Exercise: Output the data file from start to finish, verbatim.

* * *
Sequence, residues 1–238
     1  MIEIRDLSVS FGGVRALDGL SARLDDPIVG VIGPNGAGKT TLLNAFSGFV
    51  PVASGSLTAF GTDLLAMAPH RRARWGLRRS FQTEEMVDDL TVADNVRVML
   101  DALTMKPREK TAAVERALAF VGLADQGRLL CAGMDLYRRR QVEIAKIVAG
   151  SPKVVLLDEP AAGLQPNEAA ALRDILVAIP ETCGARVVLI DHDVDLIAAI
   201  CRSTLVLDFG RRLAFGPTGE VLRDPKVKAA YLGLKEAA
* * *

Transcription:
Sequence, residues 1–238
     1  MIEIRDLSVS FGGVRALDGL SARLDDPIVG VIGPNGAGKT TLLNAFSGFV
    51  PVASGSLTAF GTDLLAMAPH RRARWGLRRS FQTEEMVDDL TVADNVRVML
   101  DALTMKPREK TAAVERALAF VGLADQGRLL CAGMDLYRRR QVEIAKIVAG
   151  SPKVVLLDEP AAGLQPNEAA ALRDILVAIP ETCGARVVLI DHDVDLIAAI
   201  CRSTLVLDFG RRLAFGPTGE VLRDPKVKAA YLGLKEAA